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Have You Seen This? Marching with the aid of a band director

Thanks to a band director going out of his way, a student in a wheelchair is able to fully participate in a high school marching band.

Thanks to a band director going out of his way, a student in a wheelchair is able to fully participate in a high school marching band. (Good Morning America, YouTube)


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THE BAND FIELD — I played clarinet in my high school's marching band, and it was a place where anyone could fit in and find friends.

While watching some of my siblings perform at a regional marching band competition in St. George last weekend, I watched a senior in the life skills program at Westlake High School enthusiastically help lead its band as a drum major.

This video is another example of a marching band including someone who likely couldn't participate in other competitive outdoor activities, thanks to a band director going out of his way to include a student.

Casey Hubbard was born with spina bifida and is in a wheelchair, but he expressed a desire to march on the field. His band director, Adam Mewhorter, wanted to help and decided to push Hubbard around the field to each spot he needed to be.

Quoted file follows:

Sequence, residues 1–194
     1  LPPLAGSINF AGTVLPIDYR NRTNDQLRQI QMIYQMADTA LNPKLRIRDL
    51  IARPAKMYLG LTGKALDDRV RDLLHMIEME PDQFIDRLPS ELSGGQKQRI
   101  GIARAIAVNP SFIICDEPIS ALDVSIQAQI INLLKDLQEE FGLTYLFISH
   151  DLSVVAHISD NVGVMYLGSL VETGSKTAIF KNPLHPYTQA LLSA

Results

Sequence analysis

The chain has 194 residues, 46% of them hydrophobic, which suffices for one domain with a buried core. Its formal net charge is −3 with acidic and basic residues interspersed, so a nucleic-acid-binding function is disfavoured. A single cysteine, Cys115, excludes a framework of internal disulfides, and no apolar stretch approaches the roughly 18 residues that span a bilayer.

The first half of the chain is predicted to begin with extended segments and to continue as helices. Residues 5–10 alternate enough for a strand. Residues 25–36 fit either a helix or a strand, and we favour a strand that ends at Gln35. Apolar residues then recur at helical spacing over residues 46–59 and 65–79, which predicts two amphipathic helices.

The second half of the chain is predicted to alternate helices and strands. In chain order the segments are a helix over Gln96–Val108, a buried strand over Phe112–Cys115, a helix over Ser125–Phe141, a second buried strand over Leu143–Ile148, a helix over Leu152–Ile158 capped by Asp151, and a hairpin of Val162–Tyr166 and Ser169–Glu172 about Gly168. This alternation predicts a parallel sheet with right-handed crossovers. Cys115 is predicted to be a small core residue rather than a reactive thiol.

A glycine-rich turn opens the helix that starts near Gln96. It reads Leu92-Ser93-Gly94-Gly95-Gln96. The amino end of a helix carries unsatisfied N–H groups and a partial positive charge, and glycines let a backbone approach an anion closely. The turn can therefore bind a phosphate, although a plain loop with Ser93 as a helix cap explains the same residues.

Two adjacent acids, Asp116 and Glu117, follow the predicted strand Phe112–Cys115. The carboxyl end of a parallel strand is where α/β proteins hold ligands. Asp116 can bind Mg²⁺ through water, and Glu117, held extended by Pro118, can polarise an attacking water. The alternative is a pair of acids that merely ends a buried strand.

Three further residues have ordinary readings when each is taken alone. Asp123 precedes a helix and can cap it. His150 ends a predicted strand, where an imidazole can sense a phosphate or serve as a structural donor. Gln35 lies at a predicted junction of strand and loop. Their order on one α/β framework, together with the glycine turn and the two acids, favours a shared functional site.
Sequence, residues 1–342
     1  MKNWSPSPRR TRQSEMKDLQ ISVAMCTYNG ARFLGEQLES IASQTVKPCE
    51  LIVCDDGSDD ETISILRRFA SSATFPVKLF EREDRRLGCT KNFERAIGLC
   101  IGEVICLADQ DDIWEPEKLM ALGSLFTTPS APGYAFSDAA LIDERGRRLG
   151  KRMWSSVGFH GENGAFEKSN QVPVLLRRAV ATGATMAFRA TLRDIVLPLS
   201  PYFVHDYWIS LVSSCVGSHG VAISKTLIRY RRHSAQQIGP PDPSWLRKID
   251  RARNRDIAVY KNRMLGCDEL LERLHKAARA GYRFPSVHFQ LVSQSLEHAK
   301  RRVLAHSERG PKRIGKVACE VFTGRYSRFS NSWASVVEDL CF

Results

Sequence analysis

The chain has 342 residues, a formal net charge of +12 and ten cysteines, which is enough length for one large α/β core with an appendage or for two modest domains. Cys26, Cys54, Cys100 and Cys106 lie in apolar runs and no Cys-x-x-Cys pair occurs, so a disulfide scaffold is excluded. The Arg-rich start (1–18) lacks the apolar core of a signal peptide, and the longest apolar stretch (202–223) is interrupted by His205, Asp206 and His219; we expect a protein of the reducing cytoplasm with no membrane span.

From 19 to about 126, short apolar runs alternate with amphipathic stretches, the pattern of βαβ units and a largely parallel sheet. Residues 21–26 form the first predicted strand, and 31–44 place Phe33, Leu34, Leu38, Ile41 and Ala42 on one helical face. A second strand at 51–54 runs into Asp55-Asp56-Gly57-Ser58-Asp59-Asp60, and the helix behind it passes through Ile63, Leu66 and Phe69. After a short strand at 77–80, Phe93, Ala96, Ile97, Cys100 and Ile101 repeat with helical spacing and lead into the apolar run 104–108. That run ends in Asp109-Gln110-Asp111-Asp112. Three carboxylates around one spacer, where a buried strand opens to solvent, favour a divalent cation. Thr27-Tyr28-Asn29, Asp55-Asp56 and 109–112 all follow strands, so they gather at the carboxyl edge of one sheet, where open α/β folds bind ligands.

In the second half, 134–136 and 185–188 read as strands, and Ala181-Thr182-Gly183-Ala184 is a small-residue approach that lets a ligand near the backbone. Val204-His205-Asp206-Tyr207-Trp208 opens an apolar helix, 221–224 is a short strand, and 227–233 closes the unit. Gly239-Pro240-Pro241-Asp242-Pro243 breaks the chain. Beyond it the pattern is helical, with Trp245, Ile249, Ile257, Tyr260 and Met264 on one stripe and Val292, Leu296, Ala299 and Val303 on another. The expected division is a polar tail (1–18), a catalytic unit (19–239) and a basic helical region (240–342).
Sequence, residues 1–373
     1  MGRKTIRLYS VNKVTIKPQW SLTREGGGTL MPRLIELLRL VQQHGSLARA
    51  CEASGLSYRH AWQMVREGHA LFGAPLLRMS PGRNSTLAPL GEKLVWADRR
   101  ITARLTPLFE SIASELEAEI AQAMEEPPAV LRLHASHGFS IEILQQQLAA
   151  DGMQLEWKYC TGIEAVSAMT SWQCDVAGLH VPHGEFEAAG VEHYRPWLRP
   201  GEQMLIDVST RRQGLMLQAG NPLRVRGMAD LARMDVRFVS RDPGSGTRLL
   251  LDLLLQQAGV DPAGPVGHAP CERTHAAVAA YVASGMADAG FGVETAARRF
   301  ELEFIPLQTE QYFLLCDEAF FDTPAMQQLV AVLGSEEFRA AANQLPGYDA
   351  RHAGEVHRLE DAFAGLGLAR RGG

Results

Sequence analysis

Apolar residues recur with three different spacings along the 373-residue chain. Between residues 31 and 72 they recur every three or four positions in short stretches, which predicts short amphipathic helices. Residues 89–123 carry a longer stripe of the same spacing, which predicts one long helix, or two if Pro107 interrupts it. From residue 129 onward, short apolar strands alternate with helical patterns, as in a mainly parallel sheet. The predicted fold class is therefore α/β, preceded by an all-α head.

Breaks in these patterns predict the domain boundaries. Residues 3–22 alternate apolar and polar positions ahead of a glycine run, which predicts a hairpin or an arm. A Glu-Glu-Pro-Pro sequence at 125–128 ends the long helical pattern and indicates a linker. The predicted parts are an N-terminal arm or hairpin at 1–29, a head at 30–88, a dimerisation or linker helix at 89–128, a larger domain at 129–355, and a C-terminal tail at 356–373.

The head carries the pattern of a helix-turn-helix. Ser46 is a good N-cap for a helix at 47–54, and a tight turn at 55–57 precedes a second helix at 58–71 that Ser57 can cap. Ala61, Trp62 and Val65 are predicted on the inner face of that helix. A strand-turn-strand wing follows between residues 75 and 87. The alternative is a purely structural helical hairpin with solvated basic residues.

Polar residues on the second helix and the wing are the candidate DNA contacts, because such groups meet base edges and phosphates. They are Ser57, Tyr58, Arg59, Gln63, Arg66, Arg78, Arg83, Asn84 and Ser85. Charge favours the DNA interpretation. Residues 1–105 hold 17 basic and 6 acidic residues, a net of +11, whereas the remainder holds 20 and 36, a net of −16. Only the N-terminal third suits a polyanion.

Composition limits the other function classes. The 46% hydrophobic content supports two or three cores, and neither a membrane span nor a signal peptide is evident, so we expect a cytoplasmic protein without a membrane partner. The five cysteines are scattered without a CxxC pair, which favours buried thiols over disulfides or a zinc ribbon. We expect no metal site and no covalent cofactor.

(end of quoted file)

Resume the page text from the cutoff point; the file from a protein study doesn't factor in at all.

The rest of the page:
Mewhorter says he has seen people in wheelchairs participating in marching bands from the front ensemble, something that happened in my band, but this band director wanted to do more than that.

The video shows clips from multiple competitions where the band director pushes Hubbard to each spot and then ducks behind the chair for a few seconds before pushing him to the next location.

This student's experience is different than most of the band members, but in this Good Morning America video he seems thrilled to be included.

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Emily Ashcraft joined KSL.com as a reporter in 2021. She covers courts and legal affairs, as well as health, faith and religion news.

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